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Celebrating South Africa's Tamil Writers

Nirvani Pillay
Celebrating South Africa's Tamil Writers

South African Tamil Writers making are waves on the local literary scene. The stories are unique and the narratives express much of their personal journeys. Full of passion in their own writing genres this summary is a testimony of the reading culture that is very much a part of our Tamil diaspora in South Africa. I reached out to these authors for more information about their works which I believe deserves a wider audience.

First up we have Sugar Cane Boy by Rubendra Govender

With a family history in sugar farming Govender published Sugar Cane Boy in 2008 which was an instant success resulting in the book now used as a set work for grade 8-10 scholars in Durban and has sold over 12500 copies. The story follows a lasting friendship between two boys, one Indian African and the other black African. Govender also works as an actor, educator and as a newspaper columnist writing opinion pieces. In 2012 he published a second book called The English Major’s Daughter. The protagonist is a young white girl and touches on a few sensitive issues such as prejudice during the fall of apartheid. Sugar Cane Boy is also on the reading list at Stanford University. Purchase is via email on bambata@mweb.co.za and retail at R250 each.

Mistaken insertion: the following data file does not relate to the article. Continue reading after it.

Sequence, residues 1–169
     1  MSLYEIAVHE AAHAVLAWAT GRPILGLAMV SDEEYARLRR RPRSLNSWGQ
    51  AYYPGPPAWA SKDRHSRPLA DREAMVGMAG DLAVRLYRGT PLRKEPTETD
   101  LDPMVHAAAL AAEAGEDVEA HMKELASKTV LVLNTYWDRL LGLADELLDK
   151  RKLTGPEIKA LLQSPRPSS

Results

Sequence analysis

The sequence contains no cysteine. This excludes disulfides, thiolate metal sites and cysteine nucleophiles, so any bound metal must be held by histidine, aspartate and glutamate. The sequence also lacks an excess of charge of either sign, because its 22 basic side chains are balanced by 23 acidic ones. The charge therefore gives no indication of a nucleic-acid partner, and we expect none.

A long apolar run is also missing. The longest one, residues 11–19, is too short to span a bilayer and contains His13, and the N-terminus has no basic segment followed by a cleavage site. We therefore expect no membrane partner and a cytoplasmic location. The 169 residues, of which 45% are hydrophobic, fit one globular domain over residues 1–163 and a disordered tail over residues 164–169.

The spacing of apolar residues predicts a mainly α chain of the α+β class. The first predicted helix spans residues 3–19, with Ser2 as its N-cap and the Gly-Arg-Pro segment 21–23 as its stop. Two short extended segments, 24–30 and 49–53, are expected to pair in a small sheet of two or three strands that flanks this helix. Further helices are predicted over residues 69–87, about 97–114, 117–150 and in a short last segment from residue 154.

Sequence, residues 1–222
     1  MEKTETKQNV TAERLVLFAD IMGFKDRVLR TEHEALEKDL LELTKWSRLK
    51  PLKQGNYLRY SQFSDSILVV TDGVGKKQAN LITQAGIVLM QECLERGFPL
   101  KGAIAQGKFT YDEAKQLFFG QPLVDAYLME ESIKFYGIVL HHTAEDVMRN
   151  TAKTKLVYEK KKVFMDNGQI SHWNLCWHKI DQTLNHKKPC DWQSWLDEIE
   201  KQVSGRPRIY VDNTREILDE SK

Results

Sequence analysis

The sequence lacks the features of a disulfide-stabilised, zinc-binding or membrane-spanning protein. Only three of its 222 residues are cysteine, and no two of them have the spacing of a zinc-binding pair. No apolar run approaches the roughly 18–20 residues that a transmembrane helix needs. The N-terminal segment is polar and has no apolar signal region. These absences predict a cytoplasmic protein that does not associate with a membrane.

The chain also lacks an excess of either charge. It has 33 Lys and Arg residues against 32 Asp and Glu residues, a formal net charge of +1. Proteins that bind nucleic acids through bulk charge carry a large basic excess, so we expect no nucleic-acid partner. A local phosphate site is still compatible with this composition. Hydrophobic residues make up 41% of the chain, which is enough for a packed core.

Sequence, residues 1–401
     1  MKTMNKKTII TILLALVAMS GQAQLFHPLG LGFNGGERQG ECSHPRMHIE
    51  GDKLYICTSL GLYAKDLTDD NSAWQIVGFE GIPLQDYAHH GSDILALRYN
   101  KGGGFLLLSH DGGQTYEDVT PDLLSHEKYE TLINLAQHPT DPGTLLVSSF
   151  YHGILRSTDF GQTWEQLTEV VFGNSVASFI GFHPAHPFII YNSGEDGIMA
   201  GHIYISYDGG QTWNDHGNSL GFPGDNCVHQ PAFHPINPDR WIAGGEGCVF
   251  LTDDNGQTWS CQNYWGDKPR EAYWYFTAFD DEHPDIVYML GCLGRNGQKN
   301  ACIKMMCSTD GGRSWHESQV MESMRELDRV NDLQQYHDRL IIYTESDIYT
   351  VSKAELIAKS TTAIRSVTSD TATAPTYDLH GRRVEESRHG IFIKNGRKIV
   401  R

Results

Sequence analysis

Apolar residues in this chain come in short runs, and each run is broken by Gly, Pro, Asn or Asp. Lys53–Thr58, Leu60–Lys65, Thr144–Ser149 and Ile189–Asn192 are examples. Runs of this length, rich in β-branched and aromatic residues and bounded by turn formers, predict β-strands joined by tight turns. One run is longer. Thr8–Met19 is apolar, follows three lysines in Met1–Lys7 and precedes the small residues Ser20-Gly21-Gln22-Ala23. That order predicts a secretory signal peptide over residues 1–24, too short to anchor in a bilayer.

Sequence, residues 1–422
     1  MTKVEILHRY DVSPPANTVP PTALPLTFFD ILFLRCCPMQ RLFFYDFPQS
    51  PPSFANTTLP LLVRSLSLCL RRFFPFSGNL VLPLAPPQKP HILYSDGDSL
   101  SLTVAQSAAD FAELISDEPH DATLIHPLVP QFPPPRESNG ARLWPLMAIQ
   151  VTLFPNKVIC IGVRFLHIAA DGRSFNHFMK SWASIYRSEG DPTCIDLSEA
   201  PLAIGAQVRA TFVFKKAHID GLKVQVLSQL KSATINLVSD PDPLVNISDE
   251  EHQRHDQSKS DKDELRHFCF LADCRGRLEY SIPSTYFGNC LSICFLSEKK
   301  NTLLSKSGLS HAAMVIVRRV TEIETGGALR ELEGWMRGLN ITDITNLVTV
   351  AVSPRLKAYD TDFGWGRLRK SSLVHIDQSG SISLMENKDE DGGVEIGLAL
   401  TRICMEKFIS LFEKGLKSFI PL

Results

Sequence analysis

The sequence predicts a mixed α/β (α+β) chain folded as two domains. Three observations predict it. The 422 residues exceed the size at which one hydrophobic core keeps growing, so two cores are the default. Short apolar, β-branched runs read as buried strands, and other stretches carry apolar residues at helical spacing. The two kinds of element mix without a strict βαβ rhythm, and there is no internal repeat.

The second on my list is written by another Govender Beaten Not Broken by Vanessa Govender

I was not able to get feedback from Govender for this piece but this book seems to have caught everyone by surprise especially the author who repeatedly stated that she did not expect it to be such a success and it turned out to be quite a resounding one at that. The timing for the launch was at the pinnacle of the global #MeToo movement. The story hit home for many women around the country from all walks of life. Vanessa started off her career in media and her talent for articulation is clear as she goes through the stages of an abusive relationship towards healing. She is happily married with three children and lives a very balanced life now. The book is a story of triumph and about healing. I follow Govender on social media and enjoy some of her philosophies on letting go of the past and moving towards a fulfilled and abundant life. Watch an interview of Vanessa Govender: https://www.youtube.com/watch?v=VxZiSoWWTUk

The book retails for R249 and can be purchased online at Exclusive Books: https://www.exclusivebooks.co.za/product/9781431426799

I researched a little about the surname Govender. This spelling variant is said to be exclusive to South Africa as the change occurred during the time of documentation when the British did not understand the dialect spoken by indentured labourers and transposed Gounder to Govender. We have a significant number of Tamil South Africans with the surname Govender who carry it proudly and with great authority. The lineage dates back to the Kongu Vellalar Gounder caste, commonly known as Gounders and originates from Tamil Nadu. History suggests that this group or caste has played a role in politics and economic development of the Kongu Nadu region.

Recently published is Made in Chatsworth by Kiru Naidoo